Herro said he was asked if the Norbertines would consider allowing people to use land around the Abbey for community supported agriculture plots. Dan and Laura Robinson ( were involved in this in another part of the country in which they lived, he said.

The Catholic Campaign for Human Development is interested in hearing from any low- income farmers who may be trying to start a community-supported agricultural system that would increase their economic viability and expand farming profits to other farmers involved in community supported agriculture.

Readers can reach Herro at (920) 337-4345 or e-mail him at

Monday, October 30, 2006

Slow Food, Italian style

An eat-local challenge participant, Jill Martus-Ninham, is among an Oneida delegation in Turin, Italy this week for Terra Madre, an international conference sponsored by Slow Food.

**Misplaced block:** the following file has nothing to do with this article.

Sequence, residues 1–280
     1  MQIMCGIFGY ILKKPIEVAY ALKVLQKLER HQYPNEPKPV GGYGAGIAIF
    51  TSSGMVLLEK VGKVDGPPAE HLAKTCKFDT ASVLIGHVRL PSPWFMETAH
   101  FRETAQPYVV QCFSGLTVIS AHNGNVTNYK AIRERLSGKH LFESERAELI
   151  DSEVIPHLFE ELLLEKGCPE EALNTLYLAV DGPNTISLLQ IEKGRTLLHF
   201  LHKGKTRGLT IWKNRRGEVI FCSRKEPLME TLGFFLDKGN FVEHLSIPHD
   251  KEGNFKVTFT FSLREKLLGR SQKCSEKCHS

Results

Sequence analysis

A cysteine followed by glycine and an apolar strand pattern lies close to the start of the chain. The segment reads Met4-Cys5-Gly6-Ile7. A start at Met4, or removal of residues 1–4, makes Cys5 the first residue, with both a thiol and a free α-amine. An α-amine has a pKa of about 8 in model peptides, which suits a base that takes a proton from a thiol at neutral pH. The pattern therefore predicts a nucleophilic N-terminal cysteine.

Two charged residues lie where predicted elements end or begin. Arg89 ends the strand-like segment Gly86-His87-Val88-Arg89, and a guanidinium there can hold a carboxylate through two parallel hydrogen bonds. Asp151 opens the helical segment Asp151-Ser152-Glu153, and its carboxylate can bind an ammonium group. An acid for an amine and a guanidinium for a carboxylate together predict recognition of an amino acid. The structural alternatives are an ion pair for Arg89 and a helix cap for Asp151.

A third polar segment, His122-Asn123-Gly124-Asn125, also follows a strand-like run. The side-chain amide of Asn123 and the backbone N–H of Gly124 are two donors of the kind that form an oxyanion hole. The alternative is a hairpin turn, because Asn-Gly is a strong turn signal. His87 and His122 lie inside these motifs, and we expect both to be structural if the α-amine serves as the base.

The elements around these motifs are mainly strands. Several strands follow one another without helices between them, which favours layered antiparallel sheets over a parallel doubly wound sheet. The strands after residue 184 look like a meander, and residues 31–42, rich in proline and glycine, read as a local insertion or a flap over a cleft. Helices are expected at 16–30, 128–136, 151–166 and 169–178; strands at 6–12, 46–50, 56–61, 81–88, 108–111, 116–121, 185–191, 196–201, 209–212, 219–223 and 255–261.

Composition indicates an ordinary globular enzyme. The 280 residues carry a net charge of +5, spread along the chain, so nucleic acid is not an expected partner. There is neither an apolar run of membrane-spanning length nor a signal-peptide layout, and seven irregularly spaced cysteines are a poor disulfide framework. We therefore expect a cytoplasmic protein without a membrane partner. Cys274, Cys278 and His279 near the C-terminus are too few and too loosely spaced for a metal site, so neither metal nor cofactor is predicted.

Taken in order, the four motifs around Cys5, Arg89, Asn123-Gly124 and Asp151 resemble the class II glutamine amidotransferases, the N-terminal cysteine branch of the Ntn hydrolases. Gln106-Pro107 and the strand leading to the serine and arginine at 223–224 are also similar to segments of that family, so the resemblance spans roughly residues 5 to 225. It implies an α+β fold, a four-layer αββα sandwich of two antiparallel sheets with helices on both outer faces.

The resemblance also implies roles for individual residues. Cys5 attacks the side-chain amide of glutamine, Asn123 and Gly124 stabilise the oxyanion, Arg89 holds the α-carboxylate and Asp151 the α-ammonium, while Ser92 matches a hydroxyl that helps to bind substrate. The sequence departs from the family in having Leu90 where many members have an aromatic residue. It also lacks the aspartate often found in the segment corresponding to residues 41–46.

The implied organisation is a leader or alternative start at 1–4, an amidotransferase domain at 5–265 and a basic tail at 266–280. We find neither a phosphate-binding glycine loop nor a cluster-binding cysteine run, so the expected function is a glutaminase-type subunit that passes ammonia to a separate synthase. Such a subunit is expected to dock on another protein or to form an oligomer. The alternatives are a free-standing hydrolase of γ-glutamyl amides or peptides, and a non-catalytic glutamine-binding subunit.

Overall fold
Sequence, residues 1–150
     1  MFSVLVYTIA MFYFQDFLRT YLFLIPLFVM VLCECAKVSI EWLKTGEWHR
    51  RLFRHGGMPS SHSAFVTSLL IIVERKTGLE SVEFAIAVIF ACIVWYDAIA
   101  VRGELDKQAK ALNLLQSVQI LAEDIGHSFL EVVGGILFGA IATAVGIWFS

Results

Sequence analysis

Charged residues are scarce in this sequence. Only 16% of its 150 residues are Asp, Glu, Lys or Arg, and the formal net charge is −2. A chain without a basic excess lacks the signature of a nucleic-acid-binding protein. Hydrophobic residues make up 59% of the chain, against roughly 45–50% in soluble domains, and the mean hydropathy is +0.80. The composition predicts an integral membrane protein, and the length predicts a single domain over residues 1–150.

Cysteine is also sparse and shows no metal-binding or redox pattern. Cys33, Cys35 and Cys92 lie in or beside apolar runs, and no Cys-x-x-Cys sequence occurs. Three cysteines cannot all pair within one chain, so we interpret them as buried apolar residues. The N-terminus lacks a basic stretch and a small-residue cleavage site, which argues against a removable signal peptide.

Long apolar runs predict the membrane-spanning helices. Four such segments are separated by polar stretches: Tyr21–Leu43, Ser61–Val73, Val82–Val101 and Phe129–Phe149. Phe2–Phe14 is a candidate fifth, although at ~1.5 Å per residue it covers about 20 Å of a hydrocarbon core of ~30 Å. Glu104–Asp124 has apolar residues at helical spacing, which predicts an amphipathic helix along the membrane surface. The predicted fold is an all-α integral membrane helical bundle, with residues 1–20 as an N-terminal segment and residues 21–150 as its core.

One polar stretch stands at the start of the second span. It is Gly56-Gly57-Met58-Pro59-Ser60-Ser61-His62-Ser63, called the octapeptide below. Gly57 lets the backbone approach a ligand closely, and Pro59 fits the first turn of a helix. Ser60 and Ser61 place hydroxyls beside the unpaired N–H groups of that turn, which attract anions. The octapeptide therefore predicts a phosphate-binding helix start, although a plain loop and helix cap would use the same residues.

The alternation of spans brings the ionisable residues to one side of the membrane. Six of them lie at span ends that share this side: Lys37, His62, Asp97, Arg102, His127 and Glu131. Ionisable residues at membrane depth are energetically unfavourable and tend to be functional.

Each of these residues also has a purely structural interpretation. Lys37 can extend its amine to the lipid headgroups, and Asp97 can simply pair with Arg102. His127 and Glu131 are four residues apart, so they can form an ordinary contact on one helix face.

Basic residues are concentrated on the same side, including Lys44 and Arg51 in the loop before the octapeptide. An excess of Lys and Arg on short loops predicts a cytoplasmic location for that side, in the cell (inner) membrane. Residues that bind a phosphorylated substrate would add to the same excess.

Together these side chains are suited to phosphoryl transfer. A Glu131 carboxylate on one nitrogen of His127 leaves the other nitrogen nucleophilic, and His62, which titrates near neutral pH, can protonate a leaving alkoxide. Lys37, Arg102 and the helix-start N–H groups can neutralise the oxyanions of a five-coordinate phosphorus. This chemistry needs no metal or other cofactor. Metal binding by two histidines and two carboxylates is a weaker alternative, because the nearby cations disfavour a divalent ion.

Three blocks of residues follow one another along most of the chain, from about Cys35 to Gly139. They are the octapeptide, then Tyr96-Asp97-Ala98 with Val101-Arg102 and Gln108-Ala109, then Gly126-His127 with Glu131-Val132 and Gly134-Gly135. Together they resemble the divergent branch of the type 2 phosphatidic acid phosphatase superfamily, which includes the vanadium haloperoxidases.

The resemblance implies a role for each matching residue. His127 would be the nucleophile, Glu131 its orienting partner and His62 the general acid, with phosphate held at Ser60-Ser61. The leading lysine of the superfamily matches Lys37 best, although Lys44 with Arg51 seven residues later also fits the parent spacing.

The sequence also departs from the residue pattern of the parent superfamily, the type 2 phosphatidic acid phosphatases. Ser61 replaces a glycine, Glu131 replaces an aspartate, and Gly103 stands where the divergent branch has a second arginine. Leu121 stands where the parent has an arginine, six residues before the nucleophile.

She said in an e-mail she’s still eating local, Italian food, that is.

“At this conference and in Italy it is a daily routine to eat local! There is no challenge since it is a way of life here. We are learning a lot, eating a lot and sharing a lot,” said Martus-Ninham, who is project director at Oneida’s Tsyunhehkwa center.

More than 5,000 small farmers and foodmakers from 130 countries are in Turin. About 500 Americans were invited as delegates and observers.

She attended a session on genetically-modified organisms learning how to protect heirloom native white corn from contamination and cross-pollination.

Slow Food seeks to deindustrialize food production by saving heirloom fruits, vegetables and animals, keeping small farmers in business, and returning farming to sound environmental ground. Slow Food has 80,000 members in 50 countries, including 12,000 in the United States.